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Journal of Aging Research
Volume 2013 (2013), Article ID 101725, 7 pages
Research Article

Nutritional and Functional Assessment of Hospitalized Elderly: Impact of Sociodemographic Variables

1Department of Internal Medicine, Faculty of Medicine, Zagazig University, Zagazig 44519, Egypt
2Department of Neurology, Faculty of Medicine, Zagazig University, Zagazig 44519, Egypt

Received 30 May 2013; Revised 20 July 2013; Accepted 21 July 2013

Academic Editor: F. Richard Ferraro

Copyright © 2013 Emam M. M. Esmayel et al. This is an open access article distributed under the Creative Commons Attribution License, which permits unrestricted use, distribution, and reproduction in any medium, provided the original work is properly cited.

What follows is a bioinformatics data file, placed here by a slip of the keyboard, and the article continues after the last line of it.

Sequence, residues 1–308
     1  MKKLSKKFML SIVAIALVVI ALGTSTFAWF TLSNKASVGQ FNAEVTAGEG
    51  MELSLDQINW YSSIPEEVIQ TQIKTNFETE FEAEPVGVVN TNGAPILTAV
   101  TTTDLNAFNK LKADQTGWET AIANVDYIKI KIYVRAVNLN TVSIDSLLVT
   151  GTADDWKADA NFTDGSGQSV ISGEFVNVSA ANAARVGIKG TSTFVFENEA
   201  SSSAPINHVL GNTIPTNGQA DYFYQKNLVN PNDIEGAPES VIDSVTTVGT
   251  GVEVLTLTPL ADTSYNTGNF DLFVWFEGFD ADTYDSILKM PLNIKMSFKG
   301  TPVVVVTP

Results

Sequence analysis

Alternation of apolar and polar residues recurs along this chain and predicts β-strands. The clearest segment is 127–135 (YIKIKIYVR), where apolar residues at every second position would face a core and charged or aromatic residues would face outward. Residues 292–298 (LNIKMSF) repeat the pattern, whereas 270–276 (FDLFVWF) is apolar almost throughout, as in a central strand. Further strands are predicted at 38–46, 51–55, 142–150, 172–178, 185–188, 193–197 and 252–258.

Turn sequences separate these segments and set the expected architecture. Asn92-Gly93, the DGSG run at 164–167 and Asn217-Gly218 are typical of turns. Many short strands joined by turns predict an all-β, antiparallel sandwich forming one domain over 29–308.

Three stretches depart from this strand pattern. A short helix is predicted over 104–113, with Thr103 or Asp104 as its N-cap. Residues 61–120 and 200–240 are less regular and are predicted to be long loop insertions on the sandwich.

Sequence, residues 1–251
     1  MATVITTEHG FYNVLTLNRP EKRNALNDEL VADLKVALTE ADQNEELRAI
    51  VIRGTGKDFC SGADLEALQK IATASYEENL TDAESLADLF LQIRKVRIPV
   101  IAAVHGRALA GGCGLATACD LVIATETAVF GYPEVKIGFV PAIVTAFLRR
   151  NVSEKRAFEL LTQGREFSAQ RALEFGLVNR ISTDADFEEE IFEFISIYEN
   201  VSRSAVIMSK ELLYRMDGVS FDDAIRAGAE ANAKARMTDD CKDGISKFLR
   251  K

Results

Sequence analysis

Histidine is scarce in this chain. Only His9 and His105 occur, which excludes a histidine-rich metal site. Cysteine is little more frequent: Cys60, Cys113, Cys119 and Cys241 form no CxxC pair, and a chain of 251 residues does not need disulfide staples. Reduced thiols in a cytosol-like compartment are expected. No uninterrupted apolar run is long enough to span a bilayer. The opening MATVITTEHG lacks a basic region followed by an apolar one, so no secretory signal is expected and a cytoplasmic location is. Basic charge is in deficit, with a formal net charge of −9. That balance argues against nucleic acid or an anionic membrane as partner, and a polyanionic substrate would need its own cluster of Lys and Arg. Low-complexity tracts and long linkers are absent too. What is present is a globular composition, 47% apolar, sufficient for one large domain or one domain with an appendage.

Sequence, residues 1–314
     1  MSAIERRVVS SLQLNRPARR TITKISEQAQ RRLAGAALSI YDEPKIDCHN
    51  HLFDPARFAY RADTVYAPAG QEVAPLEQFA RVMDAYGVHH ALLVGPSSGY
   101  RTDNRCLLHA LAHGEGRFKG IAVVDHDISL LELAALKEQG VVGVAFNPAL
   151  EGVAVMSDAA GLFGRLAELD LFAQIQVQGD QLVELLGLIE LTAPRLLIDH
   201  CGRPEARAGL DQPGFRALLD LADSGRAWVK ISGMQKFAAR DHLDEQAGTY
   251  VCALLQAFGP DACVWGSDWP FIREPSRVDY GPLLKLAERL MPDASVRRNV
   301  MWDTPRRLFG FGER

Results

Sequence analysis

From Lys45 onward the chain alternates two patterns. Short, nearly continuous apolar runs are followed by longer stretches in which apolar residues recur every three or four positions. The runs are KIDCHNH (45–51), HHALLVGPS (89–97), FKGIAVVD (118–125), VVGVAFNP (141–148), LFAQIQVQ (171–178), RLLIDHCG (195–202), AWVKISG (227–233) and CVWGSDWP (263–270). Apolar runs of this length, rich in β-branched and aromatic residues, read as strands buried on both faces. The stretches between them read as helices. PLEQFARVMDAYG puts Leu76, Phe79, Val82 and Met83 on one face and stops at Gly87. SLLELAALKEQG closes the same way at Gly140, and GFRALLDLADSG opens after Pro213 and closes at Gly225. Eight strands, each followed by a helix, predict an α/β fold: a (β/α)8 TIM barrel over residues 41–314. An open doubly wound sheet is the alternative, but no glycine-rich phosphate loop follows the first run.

Background. This work was constructed in order to assess the nutritional and functional status in hospitalized elderly and to study the associations between them and sociodemographic variables. Methods. 200 elderly patients (>65 years old) admitted to Internal Medicine and Neurology Departments in nonemergency conditions were included. Comprehensive geriatric assessments, including nutritional and functional assessments, were done according to nutritional checklist and Barthel index, respectively. Information was gathered from the patients, from the ward nurse responsible for the patient, and from family members who were reviewed. Results. According to the nutritional checklist, 56% of participants were at high risk, 18% were at moderate risk of malnutrition, and 26% had good nutrition. There was a high nutritional risk in patients with low income and good nutrition in patients with moderate income. Also, there was a high nutritional risk in rural residents (61.9%) in comparison with urban residents (25%). Barthel index score was significantly lower in those at high risk of malnutrition compared to those at moderate risk and those with good nutrition. Conclusions. Hospitalized elderly are exposed to malnutrition, and malnourished hospitalized patients are candidates for functional impairment. Significant associations are noticed between both nutritional and functional status and specific sociodemographic variables.